By sharing the schedule we are able to provide up to 45 virtual classes to our clients and only personally staff 3. It has allowed us to retain most of our clients and substantially lower our overheads.
If you are not part of a system, experiment with recorded classes that you can distribute to your clients who are unable to come in-studio. There are several platforms that can protect your content, including Zoom and Vimeo OTT.
3. Focus on community
Three things that will strengthen your bond with your community and your clients are:
- join forces with other studio owners who may have previously been your competitors
- communicate constantly with your clients
- do not pushback if someone needs to pause or cancel their membership
Lead by example. Rise above past competitions you may have had with other area owners. An easy way to do this is to create a group outdoor community experience (one part yoga, one part barre, one part bootcamp as a fun and free circuit workout).
Another idea is to create an instructor sponsorship program where you all allow instructors to attend open spots in your classes for free! It’s a great way to get more involved with other types of fitness studios and to give instructors a point of reference with a particular studio that you have partnered with to help cross-promote.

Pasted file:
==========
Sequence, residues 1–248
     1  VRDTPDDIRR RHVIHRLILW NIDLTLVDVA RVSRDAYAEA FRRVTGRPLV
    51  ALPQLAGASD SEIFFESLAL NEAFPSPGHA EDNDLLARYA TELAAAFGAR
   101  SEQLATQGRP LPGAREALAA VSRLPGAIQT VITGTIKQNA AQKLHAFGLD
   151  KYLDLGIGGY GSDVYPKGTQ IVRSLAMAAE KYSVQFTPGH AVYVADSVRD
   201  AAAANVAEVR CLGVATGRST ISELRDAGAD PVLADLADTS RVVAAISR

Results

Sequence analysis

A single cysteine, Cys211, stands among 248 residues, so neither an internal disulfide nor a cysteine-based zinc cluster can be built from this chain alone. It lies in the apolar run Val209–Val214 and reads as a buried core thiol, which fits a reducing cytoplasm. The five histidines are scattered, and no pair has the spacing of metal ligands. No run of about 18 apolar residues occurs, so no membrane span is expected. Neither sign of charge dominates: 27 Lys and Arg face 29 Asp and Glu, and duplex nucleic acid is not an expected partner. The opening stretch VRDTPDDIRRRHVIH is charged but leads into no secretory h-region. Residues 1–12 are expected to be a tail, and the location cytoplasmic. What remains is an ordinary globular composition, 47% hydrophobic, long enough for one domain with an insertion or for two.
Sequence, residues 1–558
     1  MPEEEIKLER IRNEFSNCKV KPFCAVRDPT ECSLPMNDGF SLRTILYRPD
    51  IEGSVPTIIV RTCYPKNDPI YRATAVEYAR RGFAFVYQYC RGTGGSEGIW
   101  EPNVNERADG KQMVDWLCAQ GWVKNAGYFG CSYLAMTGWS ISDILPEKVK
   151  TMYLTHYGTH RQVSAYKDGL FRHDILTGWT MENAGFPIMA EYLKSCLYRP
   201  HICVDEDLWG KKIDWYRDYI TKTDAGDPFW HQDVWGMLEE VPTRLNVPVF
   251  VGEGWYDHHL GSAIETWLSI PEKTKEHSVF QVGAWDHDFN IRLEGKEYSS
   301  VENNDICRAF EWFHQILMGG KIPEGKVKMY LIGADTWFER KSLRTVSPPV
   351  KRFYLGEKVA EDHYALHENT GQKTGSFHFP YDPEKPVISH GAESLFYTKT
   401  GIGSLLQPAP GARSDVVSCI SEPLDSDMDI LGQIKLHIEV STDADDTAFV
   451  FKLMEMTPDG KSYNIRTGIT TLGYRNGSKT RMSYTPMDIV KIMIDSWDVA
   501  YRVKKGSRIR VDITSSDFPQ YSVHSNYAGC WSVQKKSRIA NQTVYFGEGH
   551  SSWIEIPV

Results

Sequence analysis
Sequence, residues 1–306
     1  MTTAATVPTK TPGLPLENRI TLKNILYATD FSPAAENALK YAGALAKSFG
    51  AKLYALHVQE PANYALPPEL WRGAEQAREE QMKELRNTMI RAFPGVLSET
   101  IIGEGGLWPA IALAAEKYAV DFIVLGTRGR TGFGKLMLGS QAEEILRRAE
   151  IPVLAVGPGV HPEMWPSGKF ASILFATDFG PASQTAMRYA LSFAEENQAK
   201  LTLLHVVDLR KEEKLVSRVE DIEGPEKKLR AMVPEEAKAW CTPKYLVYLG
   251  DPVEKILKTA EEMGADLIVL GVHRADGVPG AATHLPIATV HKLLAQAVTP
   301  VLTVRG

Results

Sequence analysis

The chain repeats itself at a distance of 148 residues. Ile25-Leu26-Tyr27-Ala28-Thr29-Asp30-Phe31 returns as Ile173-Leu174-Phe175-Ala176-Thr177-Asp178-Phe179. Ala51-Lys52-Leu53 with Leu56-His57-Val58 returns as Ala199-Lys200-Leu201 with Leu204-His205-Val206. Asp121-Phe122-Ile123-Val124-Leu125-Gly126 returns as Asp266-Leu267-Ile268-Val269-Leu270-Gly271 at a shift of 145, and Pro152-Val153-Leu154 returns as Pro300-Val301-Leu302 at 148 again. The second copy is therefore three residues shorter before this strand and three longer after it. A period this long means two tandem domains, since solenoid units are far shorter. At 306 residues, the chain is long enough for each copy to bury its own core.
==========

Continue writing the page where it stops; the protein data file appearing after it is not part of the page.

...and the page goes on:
Communicate clearly and constantly with your clients. Answer potential questions with your messaging so that you aren’t getting overwhelmed by individual reach out and follow up.
If someone doesn’t feel comfortable coming to class or can’t get on board with virtual, do not push back on pausing or canceling their membership.
Remember, your clients are probably stressed and overwhelmed too, and part of your job is to make their life easier.
Right now you’re probably tired and might even feel like you are starting over. These feelings can create anxiety and panic. You must lessen your financial stress as much as possible by lowering your overhead to mitigate the damage to your profit margin.
Trust me, I know this doesn’t seem believable, but in June I had more cash in the bank than I did pre-COVID, so it is possible. Let go of your previous mentality regarding class offerings – whether it be competitive or people-pleasing and do what is best for your business.
Do not run sale after sale or drop your prices. Just because the world is in the midst of a pandemic doesn’t mean your services are worth any less! And in all reality, if you make it to the other side of this, your services will be worth more because there will be fewer fitness studios, which will increase the demand, and drive prices UP!
Don’t think short-term. You must realize your value and let people weed themselves out if they don’t see it.
Stop trying to be something for everyone and nurture the clients who stick with you. You will see that the cheesy saying “your vibe attracts your tribe “is actually true. If you stick with it, you will start filling open spots with more of your ideal clients and end up with a stronger and more profitable business.
Katy Richardson is the Founder of boutique barre franchise, NEIGHBORHOOD barre.